3 Bonaventure Is.

Bird Rocks

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4. Magdalen Is.


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The Gaspé Bird Sanctuaries.--Percé Rock and Bonaventure Island, off the Gaspé Peninsula, and farthe out in the Gulf the Bird Rocks of the Magdalen Island group, have been for centuries the breeding places of several species of birds which rarely or never nest on the mainland. These rocky islets, because of their isolation, are ideal resorts for sea fowl


The beautiful village of Percé at the point of the Gaspé Peninsula faces squarely the waters of the Gulf of St. Lawrence. It is one of the oldest settlements in eastern North America, having been established as a fishing station before the year 1600. Percé Rock, which lies off the point of Mt. Joli, often figures in the relations of the early navigators and missioners. Bonaventure Island, in the background, is also an ancient station and

had a church as early as 1671


Photograph by A. J. Cramp

Bonaventure Island is in itself an object of great natural beauty and during the tourist season is visited daily. A climb to the summit from the wharf on the low western shore affords an effective distant view of the gannet ledges, while the boat trip around it gives a close view of its feathered community, considered one of the wonders of the Atlantic Coast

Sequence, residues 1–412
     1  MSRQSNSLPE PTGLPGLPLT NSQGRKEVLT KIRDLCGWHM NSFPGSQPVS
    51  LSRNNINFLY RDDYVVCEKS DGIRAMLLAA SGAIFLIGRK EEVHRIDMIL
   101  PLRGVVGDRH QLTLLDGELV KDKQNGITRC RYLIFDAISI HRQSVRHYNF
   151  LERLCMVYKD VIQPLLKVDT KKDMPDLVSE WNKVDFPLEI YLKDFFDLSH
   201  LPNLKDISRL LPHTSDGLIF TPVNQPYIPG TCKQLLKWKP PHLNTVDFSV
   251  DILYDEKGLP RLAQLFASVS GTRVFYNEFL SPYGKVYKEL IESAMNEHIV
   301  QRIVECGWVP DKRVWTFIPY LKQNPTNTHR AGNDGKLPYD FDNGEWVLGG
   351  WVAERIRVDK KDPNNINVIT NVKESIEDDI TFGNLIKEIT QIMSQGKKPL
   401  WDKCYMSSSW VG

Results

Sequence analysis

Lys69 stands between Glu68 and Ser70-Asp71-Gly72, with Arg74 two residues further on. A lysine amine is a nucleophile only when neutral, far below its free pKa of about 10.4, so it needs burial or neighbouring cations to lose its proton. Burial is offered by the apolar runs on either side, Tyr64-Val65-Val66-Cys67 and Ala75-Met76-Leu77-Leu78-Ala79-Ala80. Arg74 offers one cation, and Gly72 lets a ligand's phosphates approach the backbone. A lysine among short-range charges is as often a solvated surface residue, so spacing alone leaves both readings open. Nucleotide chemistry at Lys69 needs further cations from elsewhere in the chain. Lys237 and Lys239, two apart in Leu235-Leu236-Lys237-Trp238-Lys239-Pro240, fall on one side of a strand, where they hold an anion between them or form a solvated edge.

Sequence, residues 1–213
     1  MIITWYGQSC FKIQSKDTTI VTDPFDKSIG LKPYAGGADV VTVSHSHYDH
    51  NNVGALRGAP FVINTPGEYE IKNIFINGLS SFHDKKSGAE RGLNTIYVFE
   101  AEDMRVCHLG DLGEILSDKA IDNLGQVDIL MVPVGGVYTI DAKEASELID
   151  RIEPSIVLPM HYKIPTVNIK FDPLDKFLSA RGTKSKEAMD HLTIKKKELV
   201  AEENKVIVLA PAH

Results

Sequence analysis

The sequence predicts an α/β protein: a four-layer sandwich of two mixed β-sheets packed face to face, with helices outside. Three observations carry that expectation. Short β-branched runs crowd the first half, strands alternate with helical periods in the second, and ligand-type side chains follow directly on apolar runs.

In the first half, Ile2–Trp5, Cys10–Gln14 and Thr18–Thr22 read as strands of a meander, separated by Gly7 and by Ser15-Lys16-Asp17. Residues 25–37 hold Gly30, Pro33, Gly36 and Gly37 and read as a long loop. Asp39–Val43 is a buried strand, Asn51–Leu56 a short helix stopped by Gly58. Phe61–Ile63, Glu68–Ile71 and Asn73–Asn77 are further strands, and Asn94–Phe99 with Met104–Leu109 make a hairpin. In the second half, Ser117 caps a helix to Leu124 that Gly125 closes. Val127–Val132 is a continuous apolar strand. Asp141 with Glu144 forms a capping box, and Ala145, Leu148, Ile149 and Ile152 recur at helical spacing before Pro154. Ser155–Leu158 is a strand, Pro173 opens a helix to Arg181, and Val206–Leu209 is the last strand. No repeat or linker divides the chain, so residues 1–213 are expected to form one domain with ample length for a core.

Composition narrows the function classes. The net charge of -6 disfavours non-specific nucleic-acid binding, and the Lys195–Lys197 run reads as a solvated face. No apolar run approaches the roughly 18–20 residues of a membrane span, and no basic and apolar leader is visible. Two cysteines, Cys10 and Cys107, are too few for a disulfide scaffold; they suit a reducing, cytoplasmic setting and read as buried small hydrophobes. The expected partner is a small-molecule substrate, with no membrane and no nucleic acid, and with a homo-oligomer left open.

Photograph by A. J. Cramp

The verdure-capped summit of Percé Rock is the home of a colony made up of herring gulls and crested cormorants. This assemblage has been here since the beginnings of human history on the coast, and the upper surface of the rock has never, so far as records show, been the breeding place of any other species. This picturesque and beautifully colored mass of vertical Devonian limestone is here viewed from the summit of Mt. Joli on the mainland. It is approximately 300 feet high, 1200 feet long, and 80 feet wide. Toward the sea end the rock is pierced by an archway which frames the waters of the Gulf beyond


Photograph by F. M. Chapman

Great Bird Rock is the only known rookery of the gannets outside of Bonaventure Island, on this side of the Atlantic. It has no human population except the lighthouse keeper and his assistants. When the Bird Islands were discovered by Jacques Cartier in 1534, the "Isles-aux-Margaulx" as he named them, housed an enormous colony of water fowl. When Audubon visited the place, however, in 1833, he found that the attacks of eggers here and elsewhere, particularly on the Labrador coast, were resulting in the sale in the Boston and New York markets of hundreds of thousands of dozens of eggs annually. These attacks have undoubtedly been the cause of the extinction of the gannet roosts on the islands and coasts of Labrador